How To Spare Your Pipes From Winter’s Grip

The Winter Season is in full gear and in some parts of the country the freeze has been deep for months. Winter storms have ravaged some areas and in others very cold temperatures and snow are to be expected through at least the end of March.  And the cold can take a toll on a home.

That’s why it is so important and never too late to protect your home and winterize it. Frozen pipes can burst and become a very expensive problem.  Taking precautions will help you protect your casa, your familia AND your wallet:

Our friends at Mr. Rooter plumbing offer 10 tips that will help you keep your pipes from bursting when temperatures plummet.

How-To Spare Your Pipes From Winter’s Grip

Here are 10 simple tips that will help homeowners keep their pipes from bursting when temperatures plummet this winter:

  1. Insulate your pipes:  Cover faucets and exposed pipes with insulation or wrap thick towels around them.
  2. Secure basement doors, windows and crawl space openings: Caulk, seal and weather-strip.
  3. Drain outside waterlines: Remove garden hoses from outdoor faucets, close interior valves that lead to outside hose taps and open hose taps to drain.
  4. Apply electrically-powered tape to pipes: follow manufacturer’s instructions or call your local Mr. Rooter to do this.
  5. Wrap your water heater with an approved manufacturer’s blanket.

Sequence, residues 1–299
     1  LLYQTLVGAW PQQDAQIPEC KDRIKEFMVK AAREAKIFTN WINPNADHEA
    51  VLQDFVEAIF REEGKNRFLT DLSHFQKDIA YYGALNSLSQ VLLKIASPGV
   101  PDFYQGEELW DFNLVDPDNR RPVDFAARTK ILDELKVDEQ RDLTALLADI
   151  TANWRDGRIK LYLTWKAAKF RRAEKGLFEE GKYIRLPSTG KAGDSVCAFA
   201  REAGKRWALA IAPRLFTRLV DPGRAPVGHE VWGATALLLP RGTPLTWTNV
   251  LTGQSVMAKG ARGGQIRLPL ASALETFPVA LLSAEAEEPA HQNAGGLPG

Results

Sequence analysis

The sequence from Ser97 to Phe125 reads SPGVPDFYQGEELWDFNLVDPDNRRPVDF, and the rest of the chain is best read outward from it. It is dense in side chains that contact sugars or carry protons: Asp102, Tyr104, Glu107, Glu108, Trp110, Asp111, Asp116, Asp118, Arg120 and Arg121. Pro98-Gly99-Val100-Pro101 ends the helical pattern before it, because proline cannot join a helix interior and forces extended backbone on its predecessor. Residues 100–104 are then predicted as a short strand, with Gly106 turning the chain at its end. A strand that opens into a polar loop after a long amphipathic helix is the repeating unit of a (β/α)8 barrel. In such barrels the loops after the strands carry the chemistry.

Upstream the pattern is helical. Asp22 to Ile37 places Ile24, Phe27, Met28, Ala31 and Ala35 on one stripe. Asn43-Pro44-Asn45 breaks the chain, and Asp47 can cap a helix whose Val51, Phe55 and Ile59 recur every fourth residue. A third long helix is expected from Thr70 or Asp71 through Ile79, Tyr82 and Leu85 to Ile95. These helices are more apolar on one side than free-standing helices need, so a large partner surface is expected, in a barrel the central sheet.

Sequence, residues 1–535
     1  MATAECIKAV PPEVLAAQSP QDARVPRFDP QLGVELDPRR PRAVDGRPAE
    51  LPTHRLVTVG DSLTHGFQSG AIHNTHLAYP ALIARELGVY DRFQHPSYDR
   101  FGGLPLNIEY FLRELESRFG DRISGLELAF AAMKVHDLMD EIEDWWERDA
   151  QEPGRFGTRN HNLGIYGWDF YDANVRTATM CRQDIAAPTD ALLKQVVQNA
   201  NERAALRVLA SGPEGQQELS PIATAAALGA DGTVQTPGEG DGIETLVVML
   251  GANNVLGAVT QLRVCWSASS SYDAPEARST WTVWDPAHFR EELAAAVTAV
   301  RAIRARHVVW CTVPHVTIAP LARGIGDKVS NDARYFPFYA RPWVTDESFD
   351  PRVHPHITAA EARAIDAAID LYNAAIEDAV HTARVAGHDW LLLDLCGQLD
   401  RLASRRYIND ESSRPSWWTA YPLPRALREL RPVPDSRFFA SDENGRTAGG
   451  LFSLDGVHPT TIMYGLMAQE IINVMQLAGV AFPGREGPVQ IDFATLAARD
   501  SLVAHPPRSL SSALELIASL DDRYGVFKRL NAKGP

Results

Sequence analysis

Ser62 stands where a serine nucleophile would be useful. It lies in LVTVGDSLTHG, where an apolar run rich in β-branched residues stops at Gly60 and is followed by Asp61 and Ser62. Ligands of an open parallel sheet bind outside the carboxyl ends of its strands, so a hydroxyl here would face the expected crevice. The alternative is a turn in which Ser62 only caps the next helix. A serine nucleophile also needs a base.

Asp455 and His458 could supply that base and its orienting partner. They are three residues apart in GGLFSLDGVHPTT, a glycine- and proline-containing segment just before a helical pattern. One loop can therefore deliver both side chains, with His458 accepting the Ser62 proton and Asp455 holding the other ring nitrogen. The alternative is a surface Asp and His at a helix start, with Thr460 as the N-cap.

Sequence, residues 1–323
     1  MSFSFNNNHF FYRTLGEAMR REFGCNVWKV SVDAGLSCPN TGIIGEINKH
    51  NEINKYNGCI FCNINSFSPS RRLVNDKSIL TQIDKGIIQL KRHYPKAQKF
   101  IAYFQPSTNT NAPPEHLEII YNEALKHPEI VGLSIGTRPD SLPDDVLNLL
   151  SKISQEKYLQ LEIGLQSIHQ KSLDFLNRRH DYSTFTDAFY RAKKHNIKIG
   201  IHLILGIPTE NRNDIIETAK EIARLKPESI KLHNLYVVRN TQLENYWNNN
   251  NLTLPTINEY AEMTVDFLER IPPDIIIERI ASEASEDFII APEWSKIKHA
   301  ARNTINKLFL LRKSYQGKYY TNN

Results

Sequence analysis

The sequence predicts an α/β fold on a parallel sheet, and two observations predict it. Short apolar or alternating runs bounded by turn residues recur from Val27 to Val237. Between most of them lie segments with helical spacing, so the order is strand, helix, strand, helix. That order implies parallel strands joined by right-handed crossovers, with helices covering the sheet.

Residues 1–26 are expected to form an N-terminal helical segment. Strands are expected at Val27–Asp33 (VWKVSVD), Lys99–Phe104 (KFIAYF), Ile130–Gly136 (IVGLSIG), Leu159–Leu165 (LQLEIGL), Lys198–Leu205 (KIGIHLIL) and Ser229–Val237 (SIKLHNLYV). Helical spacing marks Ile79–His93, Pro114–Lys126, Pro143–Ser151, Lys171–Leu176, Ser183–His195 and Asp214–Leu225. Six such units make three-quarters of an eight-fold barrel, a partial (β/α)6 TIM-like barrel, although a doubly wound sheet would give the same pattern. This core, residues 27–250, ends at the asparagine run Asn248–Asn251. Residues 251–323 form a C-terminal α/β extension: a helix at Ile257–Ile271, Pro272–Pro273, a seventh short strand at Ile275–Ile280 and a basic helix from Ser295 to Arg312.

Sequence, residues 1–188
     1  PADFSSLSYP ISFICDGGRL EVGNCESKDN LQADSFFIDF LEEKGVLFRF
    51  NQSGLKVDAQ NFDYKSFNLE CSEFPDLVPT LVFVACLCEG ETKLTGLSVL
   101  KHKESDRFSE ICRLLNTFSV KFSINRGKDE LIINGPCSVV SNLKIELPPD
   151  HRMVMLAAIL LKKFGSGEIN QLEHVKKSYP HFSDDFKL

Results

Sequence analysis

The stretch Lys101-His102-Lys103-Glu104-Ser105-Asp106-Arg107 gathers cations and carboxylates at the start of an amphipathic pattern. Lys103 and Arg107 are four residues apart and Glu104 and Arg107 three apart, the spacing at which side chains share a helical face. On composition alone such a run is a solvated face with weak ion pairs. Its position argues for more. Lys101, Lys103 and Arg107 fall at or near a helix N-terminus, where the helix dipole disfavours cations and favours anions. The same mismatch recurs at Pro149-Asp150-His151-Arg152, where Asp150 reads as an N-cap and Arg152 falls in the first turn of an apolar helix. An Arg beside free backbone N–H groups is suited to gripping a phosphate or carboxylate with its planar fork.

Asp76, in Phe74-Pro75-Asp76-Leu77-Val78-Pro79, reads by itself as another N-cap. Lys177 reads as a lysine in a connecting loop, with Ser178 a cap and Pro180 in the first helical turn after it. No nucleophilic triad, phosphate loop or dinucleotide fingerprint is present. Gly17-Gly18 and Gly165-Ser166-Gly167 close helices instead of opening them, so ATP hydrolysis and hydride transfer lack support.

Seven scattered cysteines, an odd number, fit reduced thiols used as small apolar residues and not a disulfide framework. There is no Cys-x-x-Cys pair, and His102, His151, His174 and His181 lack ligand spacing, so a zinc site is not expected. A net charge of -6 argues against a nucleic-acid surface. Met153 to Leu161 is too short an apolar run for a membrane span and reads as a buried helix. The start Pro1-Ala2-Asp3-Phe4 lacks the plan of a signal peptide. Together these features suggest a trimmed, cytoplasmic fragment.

6. Open cabinet doors.  This allows heat to circulate and keeps interior pipes warm.
  7. Keep faucets running.  A small trickle of water or a constant drip is recommended when temperatures drop below freezing for more than 24-hours.
  8. Don’t set thermostat lower than 55 degrees when traveling.  Ask a neighbor to check on your house during below freezing temperatures.
  9. Locate the main water shut-off valve and learn how to use it in the case of frozen pipes or burst pipes.
  10. Have a hair dryer handy, in case your pipes do freeze.  Heat the exterior of the pipe with the hair dryer by slowly applying the heat and moving the dryer constantly.

The first step to safely thawing frozen pipes is turning off water at the main water shut-off valve. Next, open the nearest faucet to allow water to drain as the ice melts. Now it’s time to use the hair dryer to heat the pipes, or you can wrap a hot, wet rag around pipes. Do not attempt to thaw exposed frozen pipes with an open flame, such as an acetylene torch.

If you’re not a do-it-yourselfer or your pipes burst, be sure to call a qualified plumber.

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